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Letters

‘The World Sounds Different’

For years, I experienced the daily noise of machinery within industrial food plants. Although I was active in hearing testing of employees and noise abatement programs in factory settings, I, too, have suffered hearing loss. I have been tested and diagnosed with hearing loss in both ears, for which I then received quotes for unaffordable hearing aids. Over-the-counter and TV-ad amplifiers did not help.

My wife gave me an article to read from Hopkins Medicine magazine, featuring Access HEARS [“Loud & Clear,” Winter 2019]. I figured it couldn’t hurt to try. Maybe it would help?

I met with Khoi Le and Josiah Yiu to discuss the possibilities. After [I had] a brief trial of a “Sidekick,” we decided to purchase a pair of them. The results have been outstanding! Not only do I hear better but am more confident that I am hearing correctly the first time.

Josiah’s follow-up and support have been great.

The world sounds different. What an improvement!  I hope that this program is expanded so that more seniors are able to be educated about and make use of this wonderful more affordable technology. Thank you for raising awareness through Hopkins Medicine Magazine.

Lou Sellmayer

Baltimore, MD

Setting the Record Straight

I was very happy to read the nice piece on Chris Beard’s reception of a JHU Distinguished Alumnus Award [“Discovering the Dawn Monkey,” Winter]. We are very proud of Chris’ accomplishments, both as a student here and in his later career. I wanted to correct a couple of minor factual errors in the report, though. First, Chris Beard was one of the first two students in the Functional Anatomy and Evolution graduate program, not the first student, and second, the head of the Center for Functional Anatomy and Evolution has been, for the past 20 years, myself, not Ken Rose. Ken was a distinguished member of our faculty for 37 years. I recently announced my planned retirement in 2020.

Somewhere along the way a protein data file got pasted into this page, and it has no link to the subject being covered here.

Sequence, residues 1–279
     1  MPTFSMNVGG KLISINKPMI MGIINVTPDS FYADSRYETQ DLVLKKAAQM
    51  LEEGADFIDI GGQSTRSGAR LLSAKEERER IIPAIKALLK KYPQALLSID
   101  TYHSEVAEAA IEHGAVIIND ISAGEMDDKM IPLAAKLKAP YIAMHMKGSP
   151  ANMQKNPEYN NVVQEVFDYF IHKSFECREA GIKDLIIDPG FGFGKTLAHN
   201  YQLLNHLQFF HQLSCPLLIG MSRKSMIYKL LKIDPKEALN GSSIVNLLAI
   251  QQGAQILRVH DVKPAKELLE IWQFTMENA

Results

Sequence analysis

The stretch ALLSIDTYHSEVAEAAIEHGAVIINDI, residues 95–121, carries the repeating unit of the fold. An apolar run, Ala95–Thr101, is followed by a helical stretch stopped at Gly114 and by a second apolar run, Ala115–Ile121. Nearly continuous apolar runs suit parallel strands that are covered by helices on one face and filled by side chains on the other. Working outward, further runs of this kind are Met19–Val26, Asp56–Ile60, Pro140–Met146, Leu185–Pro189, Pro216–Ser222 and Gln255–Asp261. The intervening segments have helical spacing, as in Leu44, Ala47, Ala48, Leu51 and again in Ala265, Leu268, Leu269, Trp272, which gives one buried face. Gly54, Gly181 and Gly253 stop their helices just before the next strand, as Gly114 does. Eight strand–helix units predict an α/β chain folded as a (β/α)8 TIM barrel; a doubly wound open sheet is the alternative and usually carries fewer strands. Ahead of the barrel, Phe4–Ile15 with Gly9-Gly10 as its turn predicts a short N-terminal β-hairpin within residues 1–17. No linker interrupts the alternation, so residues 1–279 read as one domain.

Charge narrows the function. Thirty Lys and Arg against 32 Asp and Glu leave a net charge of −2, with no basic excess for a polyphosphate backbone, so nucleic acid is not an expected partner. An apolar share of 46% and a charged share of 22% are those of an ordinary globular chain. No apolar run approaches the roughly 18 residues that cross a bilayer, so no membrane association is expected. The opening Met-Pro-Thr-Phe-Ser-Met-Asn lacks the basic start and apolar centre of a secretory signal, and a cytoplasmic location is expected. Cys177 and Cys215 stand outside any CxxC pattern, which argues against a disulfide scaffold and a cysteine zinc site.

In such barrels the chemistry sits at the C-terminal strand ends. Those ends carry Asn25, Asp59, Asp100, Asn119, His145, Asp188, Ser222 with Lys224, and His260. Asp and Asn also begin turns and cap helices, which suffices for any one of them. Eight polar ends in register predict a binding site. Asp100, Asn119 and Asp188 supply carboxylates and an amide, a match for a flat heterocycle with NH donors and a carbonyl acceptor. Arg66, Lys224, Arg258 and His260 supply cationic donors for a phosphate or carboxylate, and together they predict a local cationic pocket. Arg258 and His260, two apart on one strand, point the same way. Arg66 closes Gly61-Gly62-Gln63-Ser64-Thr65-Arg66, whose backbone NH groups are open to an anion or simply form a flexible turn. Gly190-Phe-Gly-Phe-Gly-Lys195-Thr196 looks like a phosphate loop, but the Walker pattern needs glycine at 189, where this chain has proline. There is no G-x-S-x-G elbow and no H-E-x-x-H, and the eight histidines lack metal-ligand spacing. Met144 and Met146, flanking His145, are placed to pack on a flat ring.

Christopher Ruff, Ph.D.

Professor and Director, Center for Functional Anatomy and Evolution, Johns Hopkins University School of Medicine

An Impressive Scientist

When I read “High Sights for Low Vision” [Winter], I was very impressed with how Bonnielin Swenor overcame the challenges that came with her vision loss—on both professional and personal levels. I was also very excited about her research on low vision, as this work is very close to my personal experience.

My mother has macular degeneration and has suffered a hemorrhagic stroke. I always suspected that the vascular dementia that followed could be as much a result of her stroke as her decreased vision due to macular degeneration. I am so pleased that this very subject is a focus of Dr. Swenor’s current research. We may not benefit from her findings today, but I’m sure many people will in the future.

Behfar Tavana

North Potomac, MD